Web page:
Letters: Israeli soldiers

Israeli soldiers escape prosecution over deaths of unarmed civilians

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Your report ("Bound Palestinian protester shot by soldier", 22 July) shows yet another instance of the violence perpetrated by the Israeli Defence Force against unarmed people who resist the occupation. B'tselem, the Israeli human rights organisation, has recorded 25 cases of beatings and/or abuse of Palestinians by the IDF between 2005 and 2008. Many cases involve more than one victim.

More serious are the thousands of deaths and woundings of unarmed Palestinians, and of some Israeli and international activists. According to B'tselem, 4,748 Palestinians were killed by Israeli security forces from the beginning of the Second Intifada (September 2000) to 30 June 2008. But of these 2,219 (47 per cent) were definitely not fighting, and there was doubt about whether a further 871 (18 per cent) were involved. In the same period, 386 Palestinians were killed in "targeted killings", but 154 (40 per cent) were merely bystanders.

The high-profile cases include the killings of the British and American students Tom Hurndall and Rachel Corrie; the British, Palestinian and Italian cameramen James Miller, Fadel Shanaa and Rafaele Ciriello; and Harald Fischer, the German doctor who was treating injured Palestinians. All were clearly identifiable as non-combatants. There are far too many cases to be just the actions of a few undisciplined soldiers. At the very least, there is a culture of impunity in the IDF. At the worst, it is a culture of deliberate, intimidatory violence up to, and including, murder.

Arthur Goodman

Jews for Justice for Palestinians, London

In response to Lior Ben-Dor (letters, 22 July), the Palestinians have been made outsiders in their own land. Call it colonialism, call it apartheid or just call it wrong. It's not complicated.

Janet Green

London NW5

The lost chance for peace in Bosnia

It's all the fault of the Serbs and Radovan Karadzic, according to Marcus Tanner ("Karadzic, the psychiatrist who became a genocidal madman", 22 July). He may care to ask why the Dayton Agreement was not reached before the Bosnian wars broke out. There was, after all, the confederal-cantonal Cutileiro Plan, which was provisionally agreed by Bosnia's three ethnic leaders at negotiations hosted by the European Community in Lisbon on 23 February 1992.

The Muslim leader, Alija Izetbegovic, who all along wanted a centrally governed Bosnia, flew back to Sarajevo and met the US ambassador to Yugoslavia Warren Zimmermann. Encouraged by Zimmermann, Izetbegovic disowned the plan. Washington had, in effect, pushed the Europeans aside and paved the way for war. Some three and a half years later, a muscularly interventionist Washington was congratulating itself for having engineered the confederal-cantonal Dayton Agreement.

And the beliefs of Alija Izetbegovic echoed those of Islamists. His authorship of The Islamic Declaration in 1970 earned him a prison sentence. In it, he yearned for a caliphate subject to Islamic law from Morocco to Indonesia, and ultimately elsewhere, whenever and wherever Muslims attained a majority. At no time did he disown the publication.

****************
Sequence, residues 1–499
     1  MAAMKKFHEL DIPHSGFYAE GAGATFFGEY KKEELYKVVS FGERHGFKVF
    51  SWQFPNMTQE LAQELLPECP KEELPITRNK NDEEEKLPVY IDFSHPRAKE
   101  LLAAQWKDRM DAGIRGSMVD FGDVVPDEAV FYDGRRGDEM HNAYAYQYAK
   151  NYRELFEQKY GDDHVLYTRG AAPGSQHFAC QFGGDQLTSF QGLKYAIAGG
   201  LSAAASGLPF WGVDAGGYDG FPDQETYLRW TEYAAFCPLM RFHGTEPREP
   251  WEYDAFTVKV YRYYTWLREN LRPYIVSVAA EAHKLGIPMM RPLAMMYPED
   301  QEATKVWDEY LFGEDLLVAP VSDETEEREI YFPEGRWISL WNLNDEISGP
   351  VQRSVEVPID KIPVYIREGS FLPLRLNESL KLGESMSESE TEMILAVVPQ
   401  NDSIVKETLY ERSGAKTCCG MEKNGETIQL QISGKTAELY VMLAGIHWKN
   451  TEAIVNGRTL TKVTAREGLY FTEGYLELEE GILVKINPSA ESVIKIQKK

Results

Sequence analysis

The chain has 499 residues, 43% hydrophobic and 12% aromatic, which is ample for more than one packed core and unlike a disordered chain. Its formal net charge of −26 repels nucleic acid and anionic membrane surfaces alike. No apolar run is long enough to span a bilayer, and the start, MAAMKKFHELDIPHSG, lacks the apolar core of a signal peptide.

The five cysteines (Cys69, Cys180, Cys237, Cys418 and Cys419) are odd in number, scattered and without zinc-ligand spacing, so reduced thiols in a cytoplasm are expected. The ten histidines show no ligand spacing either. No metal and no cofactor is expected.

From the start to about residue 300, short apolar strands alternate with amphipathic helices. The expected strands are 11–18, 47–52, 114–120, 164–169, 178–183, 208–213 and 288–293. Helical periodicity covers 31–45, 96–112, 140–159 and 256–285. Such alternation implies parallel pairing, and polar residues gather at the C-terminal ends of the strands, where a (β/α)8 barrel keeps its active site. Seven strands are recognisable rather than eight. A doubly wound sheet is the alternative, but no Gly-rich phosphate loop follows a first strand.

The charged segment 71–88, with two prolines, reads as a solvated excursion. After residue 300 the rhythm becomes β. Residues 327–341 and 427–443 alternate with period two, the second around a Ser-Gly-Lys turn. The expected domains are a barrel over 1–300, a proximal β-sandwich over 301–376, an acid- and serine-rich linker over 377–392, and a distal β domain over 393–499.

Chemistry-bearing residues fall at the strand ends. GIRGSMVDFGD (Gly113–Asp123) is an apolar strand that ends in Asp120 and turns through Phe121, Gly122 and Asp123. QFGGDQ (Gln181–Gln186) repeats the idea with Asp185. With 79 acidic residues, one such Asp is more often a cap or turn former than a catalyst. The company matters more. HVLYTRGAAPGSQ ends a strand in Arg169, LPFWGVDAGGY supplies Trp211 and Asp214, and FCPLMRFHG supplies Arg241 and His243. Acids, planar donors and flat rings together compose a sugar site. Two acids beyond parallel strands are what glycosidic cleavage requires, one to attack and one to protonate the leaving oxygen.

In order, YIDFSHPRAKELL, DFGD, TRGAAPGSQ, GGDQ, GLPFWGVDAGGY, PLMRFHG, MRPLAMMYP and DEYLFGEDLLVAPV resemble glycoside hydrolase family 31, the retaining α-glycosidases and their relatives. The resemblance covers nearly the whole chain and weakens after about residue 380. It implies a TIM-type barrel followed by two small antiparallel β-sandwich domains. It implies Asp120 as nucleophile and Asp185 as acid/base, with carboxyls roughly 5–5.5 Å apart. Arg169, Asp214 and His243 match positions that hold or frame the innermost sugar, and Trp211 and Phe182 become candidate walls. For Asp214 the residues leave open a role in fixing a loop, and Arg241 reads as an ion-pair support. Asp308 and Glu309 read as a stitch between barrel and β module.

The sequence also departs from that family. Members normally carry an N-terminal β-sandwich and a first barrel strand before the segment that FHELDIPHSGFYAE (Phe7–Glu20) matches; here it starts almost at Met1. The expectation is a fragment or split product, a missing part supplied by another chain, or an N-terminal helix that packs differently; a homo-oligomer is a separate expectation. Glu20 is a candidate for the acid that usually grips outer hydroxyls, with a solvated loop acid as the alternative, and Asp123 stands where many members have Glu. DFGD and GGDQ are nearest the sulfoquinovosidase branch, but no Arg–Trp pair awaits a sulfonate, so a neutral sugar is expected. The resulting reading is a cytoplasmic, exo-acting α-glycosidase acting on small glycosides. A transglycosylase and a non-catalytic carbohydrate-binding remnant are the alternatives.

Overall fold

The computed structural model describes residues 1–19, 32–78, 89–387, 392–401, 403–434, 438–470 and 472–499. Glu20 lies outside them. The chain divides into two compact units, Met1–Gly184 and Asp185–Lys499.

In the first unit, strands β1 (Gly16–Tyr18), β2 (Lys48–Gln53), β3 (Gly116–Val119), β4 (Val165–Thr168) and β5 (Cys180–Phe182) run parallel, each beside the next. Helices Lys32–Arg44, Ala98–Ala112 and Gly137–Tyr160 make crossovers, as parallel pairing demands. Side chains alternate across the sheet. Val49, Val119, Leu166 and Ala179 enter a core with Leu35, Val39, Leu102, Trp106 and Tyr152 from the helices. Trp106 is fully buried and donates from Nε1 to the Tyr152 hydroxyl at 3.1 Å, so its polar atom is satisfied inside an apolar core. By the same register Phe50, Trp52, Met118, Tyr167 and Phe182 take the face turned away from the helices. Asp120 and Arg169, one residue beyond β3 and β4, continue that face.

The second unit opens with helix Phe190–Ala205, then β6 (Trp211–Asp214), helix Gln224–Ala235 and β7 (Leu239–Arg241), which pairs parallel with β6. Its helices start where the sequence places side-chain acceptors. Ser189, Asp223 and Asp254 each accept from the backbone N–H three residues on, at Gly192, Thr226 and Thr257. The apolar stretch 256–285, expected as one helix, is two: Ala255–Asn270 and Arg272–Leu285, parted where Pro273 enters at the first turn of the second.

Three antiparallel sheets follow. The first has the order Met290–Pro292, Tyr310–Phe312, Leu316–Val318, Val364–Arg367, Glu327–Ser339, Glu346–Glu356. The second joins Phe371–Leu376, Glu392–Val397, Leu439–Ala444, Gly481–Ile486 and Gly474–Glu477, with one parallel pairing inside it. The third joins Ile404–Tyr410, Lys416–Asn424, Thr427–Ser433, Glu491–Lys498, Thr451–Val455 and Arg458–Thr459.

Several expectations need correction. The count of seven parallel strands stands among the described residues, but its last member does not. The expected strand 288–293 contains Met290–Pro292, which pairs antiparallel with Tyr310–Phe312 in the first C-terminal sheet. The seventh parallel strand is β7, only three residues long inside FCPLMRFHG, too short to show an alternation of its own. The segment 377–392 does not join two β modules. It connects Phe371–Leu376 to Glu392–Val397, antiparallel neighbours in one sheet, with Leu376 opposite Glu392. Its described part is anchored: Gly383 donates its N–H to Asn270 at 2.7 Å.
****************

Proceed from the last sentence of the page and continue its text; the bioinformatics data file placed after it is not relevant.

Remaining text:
Irony abounds. Just as many British today fear Islamist organisations advocating a caliphate, so Bosnia's Serbs and Croats feared a centrally-governed, Izetbegovic-led Bosnia. Moreover, if Izetbegovic were alive today, he would not be granted entry into the US.

Yugo Kovach

Twickenham, Middlesex

Though many will cheer the capture of Radovan Karadzic, his alleged crimes represent only one portion of the horrible saga of Bosnia's civil war: the remainder has not been told by our "free and fair," mainstream media.

The Hague Tribunal has thus far not seriously investigated the crimes committed against Serbian civilians throughout the former Yugoslavia as it strives to blame the Serbian people for all that has happened during and after the Western-catalysed break-up of the former Yugoslavia.

Most recently, the Bosnian Muslim commander, Nasir Oric, was released by the Tribunal, despite overwhelming evidence of his crimes against Bosnian Serbian civilians residing in the hamlets surrounding the "safe haven" of Srebrenica. These crimes committed by forces under his leadership in Srebrenica provoked the capture of Srebrenica by the Bosnian Serbian forces, with regrettable (but often grossly overinflated in the Western media) loss of life.

Though the International Criminal Tribunal may get a new lease on its primarily US-sponsored life by trying Karadzic, it will always be seen as a primarily anti-Serbian instrument of Western powers (primarily the US) to justify their illegal and vicious intervention in the former Yugoslavia, and not as a mechanism for meting true justice. There will be no triumph for Europe until all guilty perpetrators (including some Western leaders) are punished for their crimes.

Dr Michael Pravica

Henderson, Nevada, USA

Is it any wonder that the Serb nation has a complex bordering upon paranoia? Some 90 per cent of international war-crimes proceedings have been against Serbs, while the thousands of Serb victims have been disregarded. If crimes against Serbs were pursued after the 1990s' conflicts perhaps Mladic and Karadzic would be in The Hague, instead of being revered as the Serbs' only prominent protest against the international communities' unwillingness to act with an even hand.

To find the Albanian Ramush Haradinaj not guilty of war crimes against non-Albanians, to acquit the jihadist Naser Oric of crimes against 3,500 Serb civilians in the villages around Srebrenica prior to the massacre of 1995, to refuse to indict Izetbegovic and Tudjman posthumously as they did with Arkan, The Hague has shown again that a Serb life isn't worth that of an ethnic Albanian, Bosnian Muslim or Croat. It is an insult to the Serb nation, living and dead.

Milosevic, Karadzic and Mladic are, in my eyes, Serbian heroes in much the same way that Churchill is to many British citizens. Until The Hague treats all people equally I will subscribe to this view and so will other Serbs.

Anthony Boskovic


Co-op is bigger than you think

There is far more to the Co-operative movement than just the Co-operative Group (Business, 17 July).

Here in Gloucestershire, our Co-op stores and services are owned by members of the Midcounties Co-operative Society, one of a number of "independent" regional and local societies, who together contribute a rather larger share of the retail market than you suggest.